Whose Spirit is This? Some Questions about Beginnings and Endings

  • J. Edward Chamberlin
Part of the Warwick Studies in the European Humanities book series (WSEH)

Abstract

My title, ‘Whose Spirit Is This?’, comes from a poem called ‘The Idea of Order at Key West’, written in the early 1930s by the American poet Wallace Stevens. Stevens had long been interested in the poetry and the painting, as well as the aesthetic philosophy and the polemic, of the fin de siècle. His first book Harmonium had incorporated the excesses, what he called the ‘essential gaudinesses’, of that period, and celebrated the lively negotiation between the prerogatives of art and life which characterised imaginative discourse at the end of the nineteenth century. ‘The Idea of Order at Key West’, which appeared in Stevens’s second book Ideas of Order (1935), was a retrospective tribute to a period in which categories of artifice and naturalness, and of the material and the spiritual, provided new ways of describing art (or as some of the more pathologically minded thought, of diagnosing its condition), a period in which people talked, among other things, about the spirit of art and the spirit of nature.

Keywords

Fatigue Coherence Logical Positivism Fishing Dunham 

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Notes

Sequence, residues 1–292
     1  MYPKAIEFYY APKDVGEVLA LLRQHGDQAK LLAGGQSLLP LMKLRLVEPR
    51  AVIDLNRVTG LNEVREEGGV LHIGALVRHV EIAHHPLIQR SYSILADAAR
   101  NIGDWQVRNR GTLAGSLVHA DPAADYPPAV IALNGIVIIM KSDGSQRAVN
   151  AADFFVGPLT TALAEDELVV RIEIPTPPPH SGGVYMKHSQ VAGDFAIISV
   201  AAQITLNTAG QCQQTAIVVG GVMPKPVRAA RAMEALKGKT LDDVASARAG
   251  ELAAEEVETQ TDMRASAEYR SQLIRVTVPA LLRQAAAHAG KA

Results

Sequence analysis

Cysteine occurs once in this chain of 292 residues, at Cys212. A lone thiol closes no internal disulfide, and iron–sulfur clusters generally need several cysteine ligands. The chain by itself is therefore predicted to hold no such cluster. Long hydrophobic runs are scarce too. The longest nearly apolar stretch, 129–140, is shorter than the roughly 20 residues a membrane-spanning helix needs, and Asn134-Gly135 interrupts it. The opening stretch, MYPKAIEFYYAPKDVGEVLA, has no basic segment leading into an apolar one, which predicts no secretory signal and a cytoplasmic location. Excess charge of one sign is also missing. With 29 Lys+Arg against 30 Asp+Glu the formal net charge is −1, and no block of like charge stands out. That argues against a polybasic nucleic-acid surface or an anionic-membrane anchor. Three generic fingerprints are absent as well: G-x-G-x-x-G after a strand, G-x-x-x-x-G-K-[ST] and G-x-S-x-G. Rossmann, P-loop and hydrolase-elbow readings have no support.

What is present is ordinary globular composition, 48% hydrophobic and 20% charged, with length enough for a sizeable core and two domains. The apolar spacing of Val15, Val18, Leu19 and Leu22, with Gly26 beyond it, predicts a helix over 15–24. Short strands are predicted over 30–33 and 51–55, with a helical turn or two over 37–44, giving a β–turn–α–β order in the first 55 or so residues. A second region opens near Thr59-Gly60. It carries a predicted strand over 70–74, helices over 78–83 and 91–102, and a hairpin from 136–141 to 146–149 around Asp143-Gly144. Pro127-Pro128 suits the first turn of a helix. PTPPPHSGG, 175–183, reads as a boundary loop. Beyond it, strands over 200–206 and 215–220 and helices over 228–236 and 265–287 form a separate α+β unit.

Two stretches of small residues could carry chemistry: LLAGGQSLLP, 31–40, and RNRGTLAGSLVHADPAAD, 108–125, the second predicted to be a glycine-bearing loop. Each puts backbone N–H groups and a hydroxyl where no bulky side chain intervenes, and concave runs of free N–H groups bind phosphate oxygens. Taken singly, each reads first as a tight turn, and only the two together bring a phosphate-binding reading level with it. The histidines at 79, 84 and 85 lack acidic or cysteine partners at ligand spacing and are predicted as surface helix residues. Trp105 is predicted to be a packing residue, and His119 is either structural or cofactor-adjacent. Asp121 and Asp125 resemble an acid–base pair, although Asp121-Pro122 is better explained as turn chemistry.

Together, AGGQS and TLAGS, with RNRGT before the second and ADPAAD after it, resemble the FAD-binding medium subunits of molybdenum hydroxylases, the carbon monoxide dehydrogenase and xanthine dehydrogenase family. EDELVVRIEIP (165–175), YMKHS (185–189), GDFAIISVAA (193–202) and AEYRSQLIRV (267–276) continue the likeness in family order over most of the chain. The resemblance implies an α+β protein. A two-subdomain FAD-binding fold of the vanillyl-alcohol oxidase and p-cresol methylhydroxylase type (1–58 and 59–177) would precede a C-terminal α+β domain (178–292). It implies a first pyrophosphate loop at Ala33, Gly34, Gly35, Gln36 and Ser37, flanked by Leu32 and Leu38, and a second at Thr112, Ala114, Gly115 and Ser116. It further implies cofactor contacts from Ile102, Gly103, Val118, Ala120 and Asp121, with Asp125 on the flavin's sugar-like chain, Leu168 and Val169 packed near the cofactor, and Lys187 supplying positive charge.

1. 1.
    Wallace Stevens, Collected Poems (New York: Knopf, 1954) pp. 128–30.Google Scholar
  2. 2.
    Ramon Fernandez, ‘On Classicism’, in The New Criticism: An Anthology of Modern Aesthetics and Literary Criticism, ed. Edwin B. Burgum (New York: Prentice-Hall, 1930) pp. 247–8Google Scholar
  3. 3.
    Oscar Wilde, ‘The Critic as Artist’, in Plays. Prose Writings and Poems, ed. lsobel Murray (London: J. M. Dent, 1975) p. 56.Google Scholar
  4. 4.
    This phrase was first used by Ruskin in 1856, in The Elements of Drawing. There is a useful analysis of its implications in E. H. Gombrich, Art and Illusion (London: Phaidon, 1962) esp. pp. 246–8.Google Scholar
  5. 5.
    There is a discussion of the exhibition and its impact in Samuel Hynes, The Edwardian Turn of Mind (Princeton: Princeton University Press, 1968) pp. 307–45 passim.Google Scholar
  6. 9.
    Translation by Michael Sadler, authorised by Kandinsky. Excerpts had been published in Alfred Steiglitz’ publication Camera Work (New York) in 1912. A second English edition, authorised by Mme. Kandinsky, with considerable retranslation by Francis Golffing, Michael Harrison and Ferdinand Ostertag, appeared in 1947, and was entitled Concerning the Spiritual in Art (New York: George Wittenborn, 1947).Google Scholar
  7. 14.
    Mach’s writings include The Science of Mechanics (1883) and The Analysis of Sensations and the Relationship of the Physical to the Psychical (1886). There is a useful brief commentary on Mach in James R. Newman’s The World of Mathematics, vol. 3 (New York: Simon & Schuster, 1956) pp. 1784ff.Google Scholar
  8. 18.
    For a fuller discussion of this, see J. E. Chamberlin, Ripe Was the Drowsy Hour: The Age of Oscar Wilde (New York: Seabury Press, 1977) esp. chapter 4, pp. 117–52.Google Scholar
  9. 21.
    Arthur Symons, The Symbolist Movement in Literature, ed. Richard Ellmann (New York: E. P. Dutton, 1958) pp. 2–3.Google Scholar
  10. 22.
    This association is made by William Dunham in Journey Through Genius: The Great Theorems of Mathematics (New York: John Wiley, 1990)Google Scholar
  11. Morris Kline’s Mathematics in Western Culture (New York: Oxford University Press, 1953) pp. 395–409Google Scholar

Copyright information

© J. E. Chamberlin 1992

Authors and Affiliations

  • J. Edward Chamberlin

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